Updated: May 19, 2022
I am a big believer in keeping tactical asset allocation simple. The more complicated you make it – either by considering too many factors or time frames that are too short – the less effective it tends to be. To support this view I cite work done in 1979 by Richards J. Heuer Jr. involving a study of horse handicappers.
"Inflation pressures are a good leading indicator of monetary policy"
The study found that as one increased the number of pieces of information available to the handicappers from one to five, accuracy of predictions increased. However, beyond five pieces, accuracy decreased. Furthermore, while accuracy levelled off beyond five pieces of information, handicappers’ confidence in their predictions continued to increase!
My approach to tactical asset allocation focuses, simply, on the business cycle and how different asset classes perform at certain times. This means having a longer term time horizon, because business cycles average around six years.
To gauge the business cycle I use one indicator: the unemployment rate. There is nothing more fundamental to an economy than the percentage of the workforce that it is not, for whatever reason, able to be put to work. Employment is closely linked with economic activity, a major determinant of bond and equity markets, hence my use of it in tactical asset allocation. This of course makes complete sense. Why? Because the unemployment rate is a good measure of inflation pressures and inflation pressures are a good leading indicator of monetary policy, the key driver of financial asset prices.
Of course if one is using the unemployment rate to predict the future path of asset prices, one must first establish that the unemployment rate is itself predictable. A simple way to do this is to determine if there is a sufficiently high correlation between the change in the unemployment rate over one period and the change over the next period. If there were no correlation, this would indicate that the unemployment rate follows a random walk and is thus unpredictable.
It turns out that, at least in the case of the US, changes over four months have the greatest predictive ability (three and five months changes are less correlated than four months). The correlation coefficient between four month changes and subsequent four month changes is 0.54, which indicates a fairly high degree of correlation. If I’ve lost you, just look at the chart below showing the unemployment rate in the US over the last 70 years and ask yourself whether it looks random or whether it contains some sort of pattern.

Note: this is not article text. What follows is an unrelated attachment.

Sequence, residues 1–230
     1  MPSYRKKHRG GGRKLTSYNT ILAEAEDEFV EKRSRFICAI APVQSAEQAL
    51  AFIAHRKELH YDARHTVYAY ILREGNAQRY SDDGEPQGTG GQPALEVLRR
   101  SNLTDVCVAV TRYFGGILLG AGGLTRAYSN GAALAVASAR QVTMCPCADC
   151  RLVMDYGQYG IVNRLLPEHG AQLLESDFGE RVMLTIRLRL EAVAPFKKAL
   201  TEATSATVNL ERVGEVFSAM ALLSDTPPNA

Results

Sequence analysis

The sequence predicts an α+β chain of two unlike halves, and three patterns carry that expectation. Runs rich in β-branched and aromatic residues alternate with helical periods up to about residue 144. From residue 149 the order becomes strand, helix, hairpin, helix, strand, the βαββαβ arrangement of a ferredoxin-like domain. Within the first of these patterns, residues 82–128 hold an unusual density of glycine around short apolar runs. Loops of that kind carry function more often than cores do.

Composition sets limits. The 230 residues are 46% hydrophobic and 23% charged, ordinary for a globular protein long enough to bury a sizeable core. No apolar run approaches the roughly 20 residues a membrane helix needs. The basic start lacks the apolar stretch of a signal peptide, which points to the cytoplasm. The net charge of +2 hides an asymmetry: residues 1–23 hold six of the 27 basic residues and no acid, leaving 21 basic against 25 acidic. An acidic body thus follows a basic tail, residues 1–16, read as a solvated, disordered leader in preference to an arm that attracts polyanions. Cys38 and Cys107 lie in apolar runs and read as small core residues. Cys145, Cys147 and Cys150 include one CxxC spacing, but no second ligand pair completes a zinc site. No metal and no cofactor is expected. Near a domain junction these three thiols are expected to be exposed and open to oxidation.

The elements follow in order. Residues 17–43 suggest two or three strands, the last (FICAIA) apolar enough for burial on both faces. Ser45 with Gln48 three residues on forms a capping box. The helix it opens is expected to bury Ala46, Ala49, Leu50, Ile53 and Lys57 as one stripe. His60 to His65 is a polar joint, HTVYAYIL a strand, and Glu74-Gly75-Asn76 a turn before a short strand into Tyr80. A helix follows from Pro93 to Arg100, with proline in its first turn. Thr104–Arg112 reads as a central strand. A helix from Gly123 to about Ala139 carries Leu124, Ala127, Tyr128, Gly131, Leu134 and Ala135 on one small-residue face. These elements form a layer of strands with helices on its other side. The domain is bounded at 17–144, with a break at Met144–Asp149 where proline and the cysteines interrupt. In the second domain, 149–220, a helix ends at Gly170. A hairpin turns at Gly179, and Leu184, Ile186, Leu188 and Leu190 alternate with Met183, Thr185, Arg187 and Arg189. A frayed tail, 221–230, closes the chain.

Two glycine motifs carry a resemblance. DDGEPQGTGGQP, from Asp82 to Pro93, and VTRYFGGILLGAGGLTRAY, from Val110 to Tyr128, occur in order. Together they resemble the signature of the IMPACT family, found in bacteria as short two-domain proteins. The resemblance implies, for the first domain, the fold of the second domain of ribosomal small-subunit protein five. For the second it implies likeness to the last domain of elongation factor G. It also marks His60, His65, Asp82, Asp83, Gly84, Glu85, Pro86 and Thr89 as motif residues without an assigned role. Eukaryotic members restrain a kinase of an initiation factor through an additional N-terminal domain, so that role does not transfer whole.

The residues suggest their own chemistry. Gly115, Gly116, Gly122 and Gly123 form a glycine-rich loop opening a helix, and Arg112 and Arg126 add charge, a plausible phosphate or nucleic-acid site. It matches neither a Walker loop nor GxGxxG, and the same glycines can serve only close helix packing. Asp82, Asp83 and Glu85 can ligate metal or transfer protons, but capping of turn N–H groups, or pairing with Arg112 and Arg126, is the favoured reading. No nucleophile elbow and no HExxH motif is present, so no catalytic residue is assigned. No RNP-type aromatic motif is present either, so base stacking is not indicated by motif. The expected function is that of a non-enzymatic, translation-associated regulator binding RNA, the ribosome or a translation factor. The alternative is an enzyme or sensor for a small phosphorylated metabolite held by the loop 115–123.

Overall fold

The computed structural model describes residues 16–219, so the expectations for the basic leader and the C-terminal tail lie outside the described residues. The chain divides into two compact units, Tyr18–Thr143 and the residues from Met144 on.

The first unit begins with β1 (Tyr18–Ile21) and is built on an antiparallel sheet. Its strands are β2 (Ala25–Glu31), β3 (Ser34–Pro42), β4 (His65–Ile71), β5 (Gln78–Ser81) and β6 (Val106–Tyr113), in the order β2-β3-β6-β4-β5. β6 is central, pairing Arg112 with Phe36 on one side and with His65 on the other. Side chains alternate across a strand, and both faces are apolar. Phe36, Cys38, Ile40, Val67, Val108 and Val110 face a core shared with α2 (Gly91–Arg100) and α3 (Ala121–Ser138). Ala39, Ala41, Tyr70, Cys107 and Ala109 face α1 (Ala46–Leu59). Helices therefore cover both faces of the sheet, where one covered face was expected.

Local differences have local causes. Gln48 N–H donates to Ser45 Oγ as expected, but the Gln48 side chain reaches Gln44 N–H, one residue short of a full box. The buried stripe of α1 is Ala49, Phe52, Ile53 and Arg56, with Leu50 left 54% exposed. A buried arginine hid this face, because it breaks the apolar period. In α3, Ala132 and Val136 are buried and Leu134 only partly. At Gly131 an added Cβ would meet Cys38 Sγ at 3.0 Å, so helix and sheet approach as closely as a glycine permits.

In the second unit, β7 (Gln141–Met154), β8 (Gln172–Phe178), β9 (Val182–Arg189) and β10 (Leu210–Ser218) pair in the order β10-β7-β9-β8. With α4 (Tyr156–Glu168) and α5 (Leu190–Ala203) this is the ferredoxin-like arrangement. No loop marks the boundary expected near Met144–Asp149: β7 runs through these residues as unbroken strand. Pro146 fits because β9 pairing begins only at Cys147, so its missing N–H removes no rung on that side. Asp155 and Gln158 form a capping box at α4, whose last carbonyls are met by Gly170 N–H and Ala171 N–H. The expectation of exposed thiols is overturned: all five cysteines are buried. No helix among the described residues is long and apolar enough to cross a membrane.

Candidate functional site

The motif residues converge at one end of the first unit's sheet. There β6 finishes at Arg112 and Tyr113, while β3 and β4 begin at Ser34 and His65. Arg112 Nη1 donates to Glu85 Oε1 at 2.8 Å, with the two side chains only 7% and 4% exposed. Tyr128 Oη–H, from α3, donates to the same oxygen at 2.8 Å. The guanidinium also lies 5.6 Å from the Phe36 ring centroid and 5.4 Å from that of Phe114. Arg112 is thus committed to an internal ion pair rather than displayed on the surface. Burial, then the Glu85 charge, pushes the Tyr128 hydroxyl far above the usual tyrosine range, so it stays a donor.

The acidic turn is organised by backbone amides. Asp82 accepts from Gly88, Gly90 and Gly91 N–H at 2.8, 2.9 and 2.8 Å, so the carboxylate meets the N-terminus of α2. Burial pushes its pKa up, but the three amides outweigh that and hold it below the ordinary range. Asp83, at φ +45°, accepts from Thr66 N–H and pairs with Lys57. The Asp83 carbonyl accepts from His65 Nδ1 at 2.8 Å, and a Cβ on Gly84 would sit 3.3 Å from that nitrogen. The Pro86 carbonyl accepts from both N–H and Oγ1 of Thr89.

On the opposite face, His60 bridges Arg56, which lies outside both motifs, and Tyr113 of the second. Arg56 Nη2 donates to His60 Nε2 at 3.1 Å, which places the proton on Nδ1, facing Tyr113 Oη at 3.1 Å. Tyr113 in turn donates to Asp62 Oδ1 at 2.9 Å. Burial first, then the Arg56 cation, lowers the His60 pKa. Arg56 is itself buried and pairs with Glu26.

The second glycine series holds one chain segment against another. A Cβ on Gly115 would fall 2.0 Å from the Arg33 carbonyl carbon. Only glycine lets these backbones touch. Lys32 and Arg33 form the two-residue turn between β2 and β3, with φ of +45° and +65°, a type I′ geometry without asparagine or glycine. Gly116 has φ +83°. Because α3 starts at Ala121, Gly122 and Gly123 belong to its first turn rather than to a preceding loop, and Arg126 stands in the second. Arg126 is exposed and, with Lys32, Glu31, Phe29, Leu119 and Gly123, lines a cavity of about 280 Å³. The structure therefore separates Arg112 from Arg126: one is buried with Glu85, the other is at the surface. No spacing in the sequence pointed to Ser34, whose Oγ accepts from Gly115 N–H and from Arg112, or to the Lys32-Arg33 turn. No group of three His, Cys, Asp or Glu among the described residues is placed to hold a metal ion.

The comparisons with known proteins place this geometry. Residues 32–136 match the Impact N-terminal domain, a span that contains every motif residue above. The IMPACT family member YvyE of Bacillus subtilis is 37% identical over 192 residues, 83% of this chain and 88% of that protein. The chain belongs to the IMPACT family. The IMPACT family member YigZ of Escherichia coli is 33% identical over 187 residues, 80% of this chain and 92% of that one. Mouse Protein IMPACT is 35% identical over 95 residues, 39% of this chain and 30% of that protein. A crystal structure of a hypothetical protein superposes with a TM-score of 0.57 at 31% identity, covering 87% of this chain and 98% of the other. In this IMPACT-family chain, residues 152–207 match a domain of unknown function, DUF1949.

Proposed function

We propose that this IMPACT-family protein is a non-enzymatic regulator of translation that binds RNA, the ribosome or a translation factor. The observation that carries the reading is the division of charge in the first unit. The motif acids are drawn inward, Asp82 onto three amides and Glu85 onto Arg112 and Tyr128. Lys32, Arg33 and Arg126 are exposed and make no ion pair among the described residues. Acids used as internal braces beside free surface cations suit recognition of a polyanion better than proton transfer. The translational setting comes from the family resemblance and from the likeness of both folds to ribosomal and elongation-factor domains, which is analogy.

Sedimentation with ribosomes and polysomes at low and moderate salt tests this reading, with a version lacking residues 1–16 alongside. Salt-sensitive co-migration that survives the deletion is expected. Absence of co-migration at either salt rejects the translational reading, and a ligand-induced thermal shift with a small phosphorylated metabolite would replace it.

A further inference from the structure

The relationship between the unemployment rate and long-term interest rates is a simple one: inflation. If the unemployment rate is above a certain level, inflation pressures will be low or falling and thus bond prices rising. Similarly, if the labour market is tight, inflation pressures will tend to be high or rising, a not-so-good environment for bonds. Equities tend to perform poorly when unemployment is rising, as rising unemployment is a feature of recessions and thus weak corporate profits.
Thus, much of the time, equity and bond markets will be out of sync with each other (negatively correlated). Safe haven bond markets like rising unemployment. Equities do not.
So, what are unemployment rates around the world at the moment saying about the outlook for bonds and equities?
In the case of developed markets, unemployment has fallen pretty much everywhere, the reason for the good performance of equities generally. However, rates remain above levels that would be considered inflationary, so bonds have also been performing well. Looking ahead, the US and the UK are closer to the point at which inflation will start to rise than is the case in Europe and Japan, where unemployment rates remain closer to their peaks than their troughs. So, although equity markets in all four still look well supported, they look best supported in Europe and Japan.
As for bonds, there appears to be very little value in developed sovereign markets, but since inflation pressures are likely to remain most subdued in Europe and Japan, their bonds would be the relatively more attractive, if unappealing in absolute terms.
Of course there will always be noise that causes short-term volatility, but one would be advised to ignore this and look for the pattern. Simple.
Published in Investment Letter, June 2015
The views expressed in this communication are those of Peter Elston at the time of writing and are subject to change without notice. They do not constitute investment advice and whilst all reasonable efforts have been used to ensure the accuracy of the information contained in this communication, the reliability, completeness or accuracy of the content cannot be guaranteed. This communication provides information for professional use only and should not be relied upon by retail investors as the sole basis for investment.